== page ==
NARA president testifies on rendering sustainability benefits before House climate committee
Kent Swisher, president and CEO of the North American Renderers Association, testified July 15 before the U.S. House of Representatives Select Committee on the Climate Crisis on the sustainability benefits of rendering.
Swisher was one of four witnesses testifying and the sole representative of the agriculture sector. He was joined by Dana Gunders, the executive director of ReFED; Melinda Cep, the vice president of natural solutions and working lands for the National Audubon Society; and Elly Brown, the co-executive director of the San Diego Food System Alliance.
The hearing, “Climate Smart from Farm to Fork: Building an Affordable and Resilient Food Supply Chain,” covered topics that renderers and those in the rendering industry have long been eager to discuss, as the recognition of agriculture as a key part of the climate-change solution continues to grow.
In his testimony, Swisher described rendering as “an essential pathway in creating a sustainable food system.”
Each year, renderers recycle a huge volume—more than 56 billion pounds—of meat and bone leftovers from livestock and poultry farming, meat processing, supermarkets, meat lockers, and restaurants. By doing so, rendering prevents alternative disposal methods, which lead to unnecessary greenhouse-gas (GHG) emissions.
Swisher explained that “rendering is an important and critical part of the solution to reducing food waste—and one that many do not know of or talk about when having the sustainability conversation. It’s a solution that directly addresses food waste worldwide by finding practical uses for a wide range of meat products, used cooking oil, and other food materials consumers consider inedible. Rendering recycles and reuses this material to create nutritious pet food, animal and aquaculture feed, biodiesel, and countless other useful products. By reclaiming and upcycling these products, rendering makes our food footprint smaller.”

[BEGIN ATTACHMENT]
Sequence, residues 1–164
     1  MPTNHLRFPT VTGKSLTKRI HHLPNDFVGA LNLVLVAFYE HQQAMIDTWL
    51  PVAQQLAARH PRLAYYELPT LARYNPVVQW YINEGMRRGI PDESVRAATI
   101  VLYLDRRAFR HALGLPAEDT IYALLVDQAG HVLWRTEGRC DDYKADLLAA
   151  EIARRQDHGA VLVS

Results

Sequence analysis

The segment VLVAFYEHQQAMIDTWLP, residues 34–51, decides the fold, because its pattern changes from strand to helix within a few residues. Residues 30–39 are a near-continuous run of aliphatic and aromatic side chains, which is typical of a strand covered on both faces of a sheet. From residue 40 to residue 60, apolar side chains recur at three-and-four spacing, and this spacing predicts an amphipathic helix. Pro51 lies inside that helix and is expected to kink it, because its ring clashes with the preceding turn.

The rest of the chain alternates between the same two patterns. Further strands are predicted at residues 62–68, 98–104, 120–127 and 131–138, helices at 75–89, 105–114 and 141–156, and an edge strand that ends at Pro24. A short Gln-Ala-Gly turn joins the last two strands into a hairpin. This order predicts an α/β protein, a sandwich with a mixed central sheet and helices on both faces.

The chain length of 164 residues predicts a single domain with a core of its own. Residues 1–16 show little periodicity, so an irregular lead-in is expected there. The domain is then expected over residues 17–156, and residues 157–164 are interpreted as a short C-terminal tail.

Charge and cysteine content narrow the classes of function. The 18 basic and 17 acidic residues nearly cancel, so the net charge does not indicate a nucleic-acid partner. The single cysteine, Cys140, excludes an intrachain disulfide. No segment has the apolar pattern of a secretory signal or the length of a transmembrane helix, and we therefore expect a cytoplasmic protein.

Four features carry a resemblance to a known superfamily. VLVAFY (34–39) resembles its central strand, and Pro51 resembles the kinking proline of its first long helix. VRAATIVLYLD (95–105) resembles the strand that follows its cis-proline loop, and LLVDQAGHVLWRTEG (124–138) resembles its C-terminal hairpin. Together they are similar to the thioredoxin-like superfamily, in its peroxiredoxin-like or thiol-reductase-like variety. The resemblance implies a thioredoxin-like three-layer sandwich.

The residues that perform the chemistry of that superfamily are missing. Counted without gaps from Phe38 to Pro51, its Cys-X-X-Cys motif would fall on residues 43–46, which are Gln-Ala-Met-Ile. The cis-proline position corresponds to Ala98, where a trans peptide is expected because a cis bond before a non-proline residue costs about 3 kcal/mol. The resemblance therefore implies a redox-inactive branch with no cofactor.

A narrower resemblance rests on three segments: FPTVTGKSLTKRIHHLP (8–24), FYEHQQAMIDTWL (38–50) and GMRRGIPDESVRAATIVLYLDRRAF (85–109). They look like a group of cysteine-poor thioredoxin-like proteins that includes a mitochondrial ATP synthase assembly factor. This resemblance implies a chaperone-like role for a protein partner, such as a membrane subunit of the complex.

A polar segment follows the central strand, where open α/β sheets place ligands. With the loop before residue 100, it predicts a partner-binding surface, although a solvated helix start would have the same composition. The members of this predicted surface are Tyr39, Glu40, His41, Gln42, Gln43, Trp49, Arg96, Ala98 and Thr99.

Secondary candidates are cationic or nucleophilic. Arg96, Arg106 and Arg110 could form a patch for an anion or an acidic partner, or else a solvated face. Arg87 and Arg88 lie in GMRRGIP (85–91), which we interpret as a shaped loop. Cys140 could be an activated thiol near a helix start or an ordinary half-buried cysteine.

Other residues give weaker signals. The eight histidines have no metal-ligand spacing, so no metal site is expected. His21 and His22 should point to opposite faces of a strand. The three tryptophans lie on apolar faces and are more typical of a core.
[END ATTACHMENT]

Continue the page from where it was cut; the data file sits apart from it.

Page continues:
As Congress turns its attention to the food-supply chain and considers policies to help the U.S. meet its climate goals, Swisher urged the committee to consider the role that rendering plays in shrinking our food production carbon footprint.
“NARA supports a level playing field among recyclers to prevent unfair market advantage and unequal competition for animal byproducts,” he said. “The rendering industry respectfully recommends that any legislative effort adequately recognize the early leaders in GHG reduction.”
Renderers are often called the “original recyclers.” North Americans consider roughly 50 percent of an animal to be inedible. Rendering safely and hygienically processes this leftover “meat we don’t eat” (like fat, protein, feathers, bone, and also used cooking oil) to create upcycled and sustainable fats and protein meals that are used to produce new products like safe and nutritious pet food and animal feed, biofuels, fertilizer, and many other everyday products. By doing so, rendering recycles 99 percent of this unwanted meat, keeping it out of landfills, and therefore reducing food waste and lowering GHG emissions.
In addition to its environmental-sustainability benefits, the rendering industry accounts for $10 billion in U.S. economic activity and employs tens of thousands of people across the country in full-time jobs with benefits, in rural and urban communities.
NARA represents the interests of the North American rendering industry to regulatory and other governmental agencies, promotes the greater use of animal byproducts, and fosters the opening and expansion of trade between foreign buyers and North American exporters.
In addition to its U.S.-based headquarters, the association maintains offices and has market consultants in strategic locations around the world. NARA publishes a bimonthly trade magazine, Render.